On fentanyl, Weiser supported the Fentanyl Accountability Act. This bill added back in the felony charge for possessing a small amount of fentanyl and gives easier access to naloxone, an opioid reversal drug. The bill also pumps money to prosecutors to focus more resources on fentanyl prosecutions.
Weiser’s mother was born in a concentration camp and was freed by the U.S. Army when she was seven days old. After law school, he clerked for Ruth Bader Ginsberg and worked for the U.S. Department of Justice during the Obama administration. He was the dean of the University of Colorado law school before being elected in 2018. He and his wife live in Denver and have two kids.
In the last four years, Weiser has focused on consumer protection. That includes lawsuits against Wells Fargo, DirecTV, CenturyLink, and Navient that have brought more than $200 million in settlements back to Coloradans.
Weiser also joined a handful of lawsuits against pharmaceutical companies and distributors for their role in the opioid epidemic. Colorado will receive more than $500 million in settlement dollars — an amount mutually agreed upon in advance of the agreements made.
Weiser has added empathy and emotional intelligence training to the state’s law enforcement curriculum under the Peace Officers Standards and Training board. He’s been outspoken in preserving Colorado’s rights in the Colorado River Compact and he has joined a handful of high-profile national lawsuits to protect Colorado’s air quality and water quality — particularly during the Trump administration.
Since the Roe vs. Wade decision was overturned, Weiser has made abortion rights a prominent piece of his re-election, saying he will defend Colorado’s newly passed abortion law even when counties may try and ban it.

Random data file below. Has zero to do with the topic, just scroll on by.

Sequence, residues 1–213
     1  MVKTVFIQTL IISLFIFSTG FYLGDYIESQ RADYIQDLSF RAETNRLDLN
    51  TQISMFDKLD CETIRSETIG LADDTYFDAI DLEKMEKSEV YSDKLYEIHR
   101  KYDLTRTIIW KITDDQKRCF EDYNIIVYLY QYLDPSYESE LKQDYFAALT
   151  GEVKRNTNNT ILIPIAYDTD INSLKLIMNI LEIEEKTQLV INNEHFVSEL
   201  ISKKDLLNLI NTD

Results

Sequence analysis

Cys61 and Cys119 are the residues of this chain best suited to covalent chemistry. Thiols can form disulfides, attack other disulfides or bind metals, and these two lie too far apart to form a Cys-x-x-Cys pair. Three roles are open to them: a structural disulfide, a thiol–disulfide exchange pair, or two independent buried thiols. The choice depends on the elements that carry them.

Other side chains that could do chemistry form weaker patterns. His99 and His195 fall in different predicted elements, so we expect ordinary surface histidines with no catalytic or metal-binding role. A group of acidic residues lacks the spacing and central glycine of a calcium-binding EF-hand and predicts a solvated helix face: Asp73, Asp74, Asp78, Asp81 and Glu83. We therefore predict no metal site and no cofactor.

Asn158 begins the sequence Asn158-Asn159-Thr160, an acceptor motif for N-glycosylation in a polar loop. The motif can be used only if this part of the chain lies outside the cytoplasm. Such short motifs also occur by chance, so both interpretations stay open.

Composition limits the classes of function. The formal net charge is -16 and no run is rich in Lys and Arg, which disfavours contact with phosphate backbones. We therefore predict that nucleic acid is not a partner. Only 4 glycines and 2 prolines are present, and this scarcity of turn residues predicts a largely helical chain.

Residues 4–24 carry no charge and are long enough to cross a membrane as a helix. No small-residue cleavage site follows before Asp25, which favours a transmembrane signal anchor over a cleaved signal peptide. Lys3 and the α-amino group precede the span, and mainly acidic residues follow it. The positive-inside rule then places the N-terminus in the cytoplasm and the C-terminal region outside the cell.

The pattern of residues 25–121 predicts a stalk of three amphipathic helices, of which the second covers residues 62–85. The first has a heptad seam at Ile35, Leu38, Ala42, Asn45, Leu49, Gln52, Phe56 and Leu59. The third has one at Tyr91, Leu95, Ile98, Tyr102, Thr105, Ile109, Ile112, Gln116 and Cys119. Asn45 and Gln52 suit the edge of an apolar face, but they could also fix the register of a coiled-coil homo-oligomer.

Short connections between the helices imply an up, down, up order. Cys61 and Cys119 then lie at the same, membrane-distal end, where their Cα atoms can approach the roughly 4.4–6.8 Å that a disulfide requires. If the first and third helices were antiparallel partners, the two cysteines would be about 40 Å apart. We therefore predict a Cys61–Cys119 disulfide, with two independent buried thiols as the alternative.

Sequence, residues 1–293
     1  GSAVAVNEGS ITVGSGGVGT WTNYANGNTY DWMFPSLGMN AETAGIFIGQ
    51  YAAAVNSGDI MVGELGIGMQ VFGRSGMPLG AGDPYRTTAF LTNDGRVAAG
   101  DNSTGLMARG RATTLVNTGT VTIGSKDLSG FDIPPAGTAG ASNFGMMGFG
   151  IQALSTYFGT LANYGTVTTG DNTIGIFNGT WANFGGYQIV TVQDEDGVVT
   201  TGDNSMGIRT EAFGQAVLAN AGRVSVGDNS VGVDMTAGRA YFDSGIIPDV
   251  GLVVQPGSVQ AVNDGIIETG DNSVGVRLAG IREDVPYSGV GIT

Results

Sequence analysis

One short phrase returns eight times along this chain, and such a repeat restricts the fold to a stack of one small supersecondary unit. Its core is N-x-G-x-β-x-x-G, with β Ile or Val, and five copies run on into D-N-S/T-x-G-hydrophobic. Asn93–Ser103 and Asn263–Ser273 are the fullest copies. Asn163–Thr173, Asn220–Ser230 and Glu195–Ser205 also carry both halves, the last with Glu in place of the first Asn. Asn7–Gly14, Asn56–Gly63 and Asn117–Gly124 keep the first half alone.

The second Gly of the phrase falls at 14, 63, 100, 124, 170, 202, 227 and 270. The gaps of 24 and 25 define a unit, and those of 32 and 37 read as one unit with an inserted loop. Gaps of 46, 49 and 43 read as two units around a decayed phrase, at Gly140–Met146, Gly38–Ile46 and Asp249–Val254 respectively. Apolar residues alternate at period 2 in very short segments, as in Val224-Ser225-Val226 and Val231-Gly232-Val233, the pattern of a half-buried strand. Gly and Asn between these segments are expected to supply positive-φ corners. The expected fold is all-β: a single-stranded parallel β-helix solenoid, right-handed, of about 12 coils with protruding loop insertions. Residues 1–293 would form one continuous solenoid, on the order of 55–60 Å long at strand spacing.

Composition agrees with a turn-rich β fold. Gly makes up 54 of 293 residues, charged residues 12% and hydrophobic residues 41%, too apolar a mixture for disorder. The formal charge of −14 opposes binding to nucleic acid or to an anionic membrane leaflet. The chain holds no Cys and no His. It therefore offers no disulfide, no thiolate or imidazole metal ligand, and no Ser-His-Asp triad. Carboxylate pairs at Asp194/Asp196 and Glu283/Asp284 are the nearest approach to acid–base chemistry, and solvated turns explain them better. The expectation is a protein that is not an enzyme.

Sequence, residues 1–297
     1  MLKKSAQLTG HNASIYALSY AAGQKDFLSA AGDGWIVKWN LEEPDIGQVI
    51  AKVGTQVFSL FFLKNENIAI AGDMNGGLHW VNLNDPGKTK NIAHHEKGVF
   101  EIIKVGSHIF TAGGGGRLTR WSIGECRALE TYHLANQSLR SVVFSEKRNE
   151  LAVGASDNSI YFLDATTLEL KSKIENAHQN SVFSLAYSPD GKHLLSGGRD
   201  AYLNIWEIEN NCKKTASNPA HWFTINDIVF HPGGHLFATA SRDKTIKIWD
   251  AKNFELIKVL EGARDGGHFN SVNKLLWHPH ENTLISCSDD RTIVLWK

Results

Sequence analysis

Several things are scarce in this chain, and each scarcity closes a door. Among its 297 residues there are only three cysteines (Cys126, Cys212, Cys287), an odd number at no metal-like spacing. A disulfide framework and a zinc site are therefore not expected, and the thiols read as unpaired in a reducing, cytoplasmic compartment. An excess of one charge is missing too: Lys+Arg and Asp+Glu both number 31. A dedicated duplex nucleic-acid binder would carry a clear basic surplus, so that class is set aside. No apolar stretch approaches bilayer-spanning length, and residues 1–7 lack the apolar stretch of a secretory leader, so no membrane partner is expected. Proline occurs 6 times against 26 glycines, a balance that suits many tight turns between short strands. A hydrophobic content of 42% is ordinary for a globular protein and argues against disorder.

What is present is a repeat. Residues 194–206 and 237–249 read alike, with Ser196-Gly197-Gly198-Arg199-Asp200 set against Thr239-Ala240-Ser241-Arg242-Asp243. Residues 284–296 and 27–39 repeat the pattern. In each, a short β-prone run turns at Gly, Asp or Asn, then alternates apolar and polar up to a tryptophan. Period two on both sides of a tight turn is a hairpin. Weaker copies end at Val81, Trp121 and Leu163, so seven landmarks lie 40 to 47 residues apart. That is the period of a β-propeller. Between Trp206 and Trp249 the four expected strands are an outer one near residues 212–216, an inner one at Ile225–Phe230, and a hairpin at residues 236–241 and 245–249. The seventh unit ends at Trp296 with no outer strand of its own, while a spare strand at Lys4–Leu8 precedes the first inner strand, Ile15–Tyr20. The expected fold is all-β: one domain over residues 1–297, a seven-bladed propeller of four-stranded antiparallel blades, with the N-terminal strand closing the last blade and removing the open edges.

“If there's a movement to overturn this law, I'm committed to fighting against that,” Weiser said, in a recent debate in Aurora. “I was trained by Ruth Bader Ginsburg and the concept of equal protection of the laws and reproductive healthcare whose decision should be made by women is something that is deeply in my commitment.”
The state AG job has sweeping, and, sometimes contradicting, responsibilities.
It includes defending state employees in civil court while also controlling the statewide grand jury and prosecuting consumer protection cases and fraud. The attorney general is head of the Peace Officer Standards and Training board, which certifies police officers and crafts resources for training peace officers across the state. And the attorney general defends Colorado’s position in the Colorado River Compact, a century-old, multi-state agreement on how to split up and develop water use from the Colorado River. Sometimes, the attorney general is appointed by the governor to investigate local governments for wrongdoing. The attorney general also has the power to open up investigations into local police departments that may have problematic patterns and practices that impinge on citizens’ civil rights.
Lastly, the attorney general has a bully pulpit. From the state’s highest law enforcement and legal perch, the AG can advocate for, or speak out against, proposals and bills in the legislature pertaining to criminal justice, drug reform, access to firearms or sentencing reform.